Notre Dame’s Galeria Americana is currently exhibiting Regalos del Amanecer (Gifts of Dawn) featuring paintings by Liliana Wilson, a Chilean artist based in Austin, Texas. Wilson uses painting as a medium to highlight the struggles unique to individuals discovering selfhood and placement in a constantly shifting world. Within this group, Wilson focuses particularly on immigrants, those who have left their homes and all they know for permanent residence in another country.
Wilson writes of her collection, “Many of the figures I create appear in ‘other-world’ environments: their outward composure in direct contrast to their inner turmoil…. Often my compositions represent single moments in the lives of individuals that serve as metaphors in those lives.”
All subjects in her paintings are of Latin American descent, and all face the audience directly with open, honest eyes. Wilson’s dreamlike images iterate surrealistic and vaguely incongruous symbols such as butterflies, stars, birds, fish, and isolated figures. “Niña Inmigrante” (Immigrant Girl) depicts a young girl in a white dress with black patent leather shoes. She is young—too young to have gotten there by herself, although not too young to sit patiently on a rock, as if waiting for the arrival of something or someone. A flag emblazoned with “inmigrante” floats peacefully above, anchored down by a strong hand, while the other hand cups a sparrow. The bird traditionally symbolizes protection in numbers and hardship endured. The background is a dark, burnished brown, mellowing to a center of gold behind the girl. Butterflies flutter around the bottom edges, symbols of the soul—of endurance, change, hope, and life.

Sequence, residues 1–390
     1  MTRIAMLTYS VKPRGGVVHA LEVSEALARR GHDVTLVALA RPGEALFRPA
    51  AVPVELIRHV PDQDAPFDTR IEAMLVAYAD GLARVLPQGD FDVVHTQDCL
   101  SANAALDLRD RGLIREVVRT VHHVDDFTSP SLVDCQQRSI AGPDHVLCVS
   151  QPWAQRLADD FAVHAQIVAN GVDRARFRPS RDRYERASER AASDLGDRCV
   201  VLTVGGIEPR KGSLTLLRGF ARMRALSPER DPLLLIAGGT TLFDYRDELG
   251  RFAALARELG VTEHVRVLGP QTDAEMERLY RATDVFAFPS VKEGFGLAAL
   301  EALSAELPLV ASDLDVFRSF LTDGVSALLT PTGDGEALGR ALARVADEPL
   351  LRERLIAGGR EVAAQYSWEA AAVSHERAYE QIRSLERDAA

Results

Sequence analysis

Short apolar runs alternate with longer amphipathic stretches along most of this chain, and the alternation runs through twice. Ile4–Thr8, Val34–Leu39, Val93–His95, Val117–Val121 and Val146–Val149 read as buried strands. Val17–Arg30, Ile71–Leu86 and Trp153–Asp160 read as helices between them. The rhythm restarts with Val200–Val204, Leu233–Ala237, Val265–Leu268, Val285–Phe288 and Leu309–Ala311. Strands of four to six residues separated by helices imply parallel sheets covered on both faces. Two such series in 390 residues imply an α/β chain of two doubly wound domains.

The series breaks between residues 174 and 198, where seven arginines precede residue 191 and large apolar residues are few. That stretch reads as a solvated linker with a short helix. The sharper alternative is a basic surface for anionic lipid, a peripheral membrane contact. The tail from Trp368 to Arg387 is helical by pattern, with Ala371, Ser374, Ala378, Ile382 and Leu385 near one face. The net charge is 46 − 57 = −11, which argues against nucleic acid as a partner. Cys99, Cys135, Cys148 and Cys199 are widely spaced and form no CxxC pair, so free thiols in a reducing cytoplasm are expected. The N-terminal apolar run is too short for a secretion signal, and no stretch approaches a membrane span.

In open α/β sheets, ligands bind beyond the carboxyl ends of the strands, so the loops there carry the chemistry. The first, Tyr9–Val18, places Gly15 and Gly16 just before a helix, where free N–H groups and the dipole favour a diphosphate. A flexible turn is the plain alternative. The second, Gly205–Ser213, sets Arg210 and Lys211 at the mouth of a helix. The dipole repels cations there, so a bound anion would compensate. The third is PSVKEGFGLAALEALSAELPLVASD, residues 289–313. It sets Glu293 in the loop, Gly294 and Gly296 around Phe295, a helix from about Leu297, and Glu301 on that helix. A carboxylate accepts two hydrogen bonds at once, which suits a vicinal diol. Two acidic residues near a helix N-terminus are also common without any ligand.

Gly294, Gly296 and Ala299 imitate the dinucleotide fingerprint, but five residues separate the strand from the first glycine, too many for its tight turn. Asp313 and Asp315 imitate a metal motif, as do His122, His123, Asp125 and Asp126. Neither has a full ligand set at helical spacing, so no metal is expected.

Another painting, Seahorse Dreams, portrays a young boy with a hollow chest, a canvas there instead. Clouds drift in and out of the hole in his chest, and he holds a seahorse tethered to his hand. The boy wears pajamas. His eyes seem almost closed, almost asleep, but he stands firmly on a small pile of dirt. Wilson’s work integrates the natural beauty of the universe to emphasize their necessity as components of our human experience. Though the audience is not the boy in the painting, they see him. Though they do not share the same experiences, for a brief moment the viewer does—a connection forged between art and reality.
Only twelve in number, Wilson’s paintings share the same themes throughout: loneliness, hardship, change and living in a new world. None of her paintings are situated in a realistic location, tending to be simple color backgrounds instead to further remove them from reality. Although her series is not rooted in the realistic, the viewer understands its implications for today—a time when children are being threatened by deportation to worlds they do not know. America’s status as a melting pot, a nation of immigrants, is daily challenged by those in authority who refuse to shield undocumented immigrants from deportation. Rather than oppose any governmental decision directly, Wilson strives to depict the immigrant’s experience in an honest light. She approaches the viewer with open eyes and butterfly wings and ultimately engages the audience’s emotions—a poignant request and plea to understand the worlds of others we do not know.